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By Melissa Massello
Whether you believe that people with restricted diets are insufferable hipsters or canaries in a coalmine, the rise in food allergies is an alert to major problems in our food chain—and the reality is that no social gathering centered on a meal can ignore the fact that people have different requirements. But just because you're hosting a dinner party or a BBQ with a bunch of friends or family members who follow different diets (by necessity or by choice) doesn't mean that you can't plan a menu that will leave everyone full, happy, and even begging for your recipes.
By Helen West
Food allergies are extremely common. In fact, they affect around 5 percent of adults and 8 percent of children—and these percentages are rising (1).
Interestingly, although it's possible for any food to cause an allergy, most food allergies are caused by just eight foods (2).
This article is a detailed review of the 8 most common food allergies. It discusses their symptoms, who is at risk and what you can do about it.
What Is a Food Allergy?
A food allergy is a condition in which certain foods trigger an abnormal immune response (2).
It's caused by your immune system wrongly recognizing some of the proteins in a food as harmful. Your body then launches a range of protective measures, including releasing chemicals like histamine, which causes inflammation.
For people who have a food allergy, even exposure to very small amounts of the problem food can cause an allergic reaction.
Symptoms can occur anywhere from a few minutes after exposure to a few hours later and they may include some of the following:
- Swelling of the tongue, mouth or face
- Difficulty breathing
- Low blood pressure
- Itchy rash
In more severe cases, a food allergy can cause anaphylaxis. Symptoms, which can come on very quickly, include an itchy rash, swelling of the throat or tongue, shortness of breath and low blood pressure. Some cases can be fatal (3).
Many food intolerances are often mistaken for food allergies.
However, food intolerances never involve the immune system. This means that while they can severely impact your quality of life, they are not life threatening.
True food allergies can be divided into two main types: IgE antibody or non-IgE antibody. Antibodies are a type of blood protein used by your immune system to recognize and fight infection (4).
In an IgE food allergy, the IgE antibody is released by your immune system. In a non-IgE food allergy, IgE antibodies aren't released and other parts of the immune system are used to fight the perceived threat.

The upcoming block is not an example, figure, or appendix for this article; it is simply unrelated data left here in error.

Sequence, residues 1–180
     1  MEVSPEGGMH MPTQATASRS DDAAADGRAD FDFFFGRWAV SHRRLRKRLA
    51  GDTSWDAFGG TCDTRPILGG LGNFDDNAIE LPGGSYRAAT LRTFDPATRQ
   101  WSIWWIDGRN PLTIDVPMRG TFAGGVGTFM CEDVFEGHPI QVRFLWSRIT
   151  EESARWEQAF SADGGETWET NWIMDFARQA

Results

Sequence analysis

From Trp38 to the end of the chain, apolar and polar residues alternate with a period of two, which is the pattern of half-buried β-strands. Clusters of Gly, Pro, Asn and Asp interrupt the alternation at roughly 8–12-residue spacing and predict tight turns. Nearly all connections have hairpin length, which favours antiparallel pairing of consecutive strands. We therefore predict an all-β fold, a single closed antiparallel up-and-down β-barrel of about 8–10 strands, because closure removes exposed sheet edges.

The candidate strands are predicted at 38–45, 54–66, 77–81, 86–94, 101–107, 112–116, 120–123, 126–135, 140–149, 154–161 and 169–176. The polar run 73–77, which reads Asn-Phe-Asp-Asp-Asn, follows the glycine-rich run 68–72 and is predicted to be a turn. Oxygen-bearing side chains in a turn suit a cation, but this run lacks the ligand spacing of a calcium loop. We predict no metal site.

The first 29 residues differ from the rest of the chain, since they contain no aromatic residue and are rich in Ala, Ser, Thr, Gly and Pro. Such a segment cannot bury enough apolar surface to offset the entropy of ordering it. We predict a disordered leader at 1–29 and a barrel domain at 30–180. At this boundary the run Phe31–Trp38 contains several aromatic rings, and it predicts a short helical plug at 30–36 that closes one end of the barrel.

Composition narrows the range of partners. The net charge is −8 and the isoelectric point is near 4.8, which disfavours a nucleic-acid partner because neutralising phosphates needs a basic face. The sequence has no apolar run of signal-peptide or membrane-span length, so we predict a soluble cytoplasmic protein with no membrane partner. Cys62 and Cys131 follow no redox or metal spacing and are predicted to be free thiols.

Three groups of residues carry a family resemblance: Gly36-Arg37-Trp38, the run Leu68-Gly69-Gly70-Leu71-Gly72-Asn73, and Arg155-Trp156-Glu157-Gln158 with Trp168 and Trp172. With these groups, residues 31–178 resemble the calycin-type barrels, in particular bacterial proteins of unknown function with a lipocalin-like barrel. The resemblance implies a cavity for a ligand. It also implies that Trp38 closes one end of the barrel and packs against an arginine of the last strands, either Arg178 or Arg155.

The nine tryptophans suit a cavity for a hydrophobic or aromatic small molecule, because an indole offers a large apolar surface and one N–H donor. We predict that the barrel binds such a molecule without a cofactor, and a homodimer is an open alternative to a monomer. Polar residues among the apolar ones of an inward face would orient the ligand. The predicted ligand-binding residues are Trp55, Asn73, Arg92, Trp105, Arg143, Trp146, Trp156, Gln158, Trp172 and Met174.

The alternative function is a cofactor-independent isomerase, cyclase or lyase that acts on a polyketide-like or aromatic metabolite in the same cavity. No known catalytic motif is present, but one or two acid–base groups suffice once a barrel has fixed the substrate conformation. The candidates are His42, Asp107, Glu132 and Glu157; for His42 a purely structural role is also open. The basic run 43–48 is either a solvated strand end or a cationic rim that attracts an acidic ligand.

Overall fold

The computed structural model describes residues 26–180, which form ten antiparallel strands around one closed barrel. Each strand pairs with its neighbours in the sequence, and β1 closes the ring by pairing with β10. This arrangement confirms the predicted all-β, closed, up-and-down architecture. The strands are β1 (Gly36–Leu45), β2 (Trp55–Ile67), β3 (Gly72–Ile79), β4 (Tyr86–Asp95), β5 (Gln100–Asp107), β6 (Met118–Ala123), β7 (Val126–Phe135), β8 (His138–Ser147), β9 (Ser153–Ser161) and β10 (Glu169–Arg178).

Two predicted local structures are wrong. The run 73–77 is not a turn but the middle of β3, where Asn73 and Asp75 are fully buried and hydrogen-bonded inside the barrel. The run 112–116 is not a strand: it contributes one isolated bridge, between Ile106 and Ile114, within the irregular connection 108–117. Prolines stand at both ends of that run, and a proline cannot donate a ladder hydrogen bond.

Here are the eight most common food allergies.
1. Cow's Milk
It's one of the most common childhood allergies, affecting 2–3 percent of babies and toddlers (7).
However, around 90 percent of children will outgrow the condition by the time they're three, making it much less common in adults.
A cow's milk allergy can occur in both IgE and non-IgE forms, but IgE cow milk allergies are the most common and potentially the most serious.
Children or adults with an IgE allergy tend to have a reaction within 5–30 minutes of ingesting cow's milk. They experience symptoms like swelling, rashes, hives, vomiting and, in rare cases, anaphylaxis.
A non-IgE allergy usually has more gut-based symptoms like vomiting, constipation or diarrhea, as well as inflammation of the gut wall (6).
A non-IgE milk allergy can be quite difficult to diagnose. This is because sometimes the symptoms can suggest an intolerance and there is no blood test for it (8).
If a diagnosis of a cow's milk allergy is made, the only treatment is to avoid cow's milk and foods that contain it. This includes any foods or drinks that contain:
- Milk powder
- Ice cream
Breastfeeding mothers of babies with an allergy may also have to remove cow's milk and foods that contain it from their own diets.
As for babies who aren't breastfeeding, a suitable alternative to a cow's milk-based formula will be recommended by a health professional (9).
Summary: A cow's milk allergy mostly affects children under the age of three. A diagnosis of cow's milk allergy means that all milk and milk products must be avoided.
However, 68 percent of children who are allergic to eggs will outgrow their allergy by the time they're 16 (12).
- Digestive distress, such as a stomach ache
- Skin reactions, such as hives or a rash
- Respiratory problems
- Anaphylaxis (which is rare)
Interestingly, it's possible to be allergic to egg whites, but not the yolks and vice versa. This is because the proteins in egg whites and egg yolks differ slightly.
Yet most of the proteins that trigger an allergy are found in egg whites, so an egg white allergy is more common (11).
Like other allergies, the treatment for an egg allergy is an egg-free diet (13).
However, you may not have to avoid all egg-related foods, as heating eggs can change the shape of the allergy-causing proteins. This can stop your body from seeing them as harmful, meaning they're less likely to cause a reaction (14, 15, 16).
In fact, one study found that around 70 percent of children with an egg allergy could tolerate eating biscuits or cakes containing a cooked egg component (17).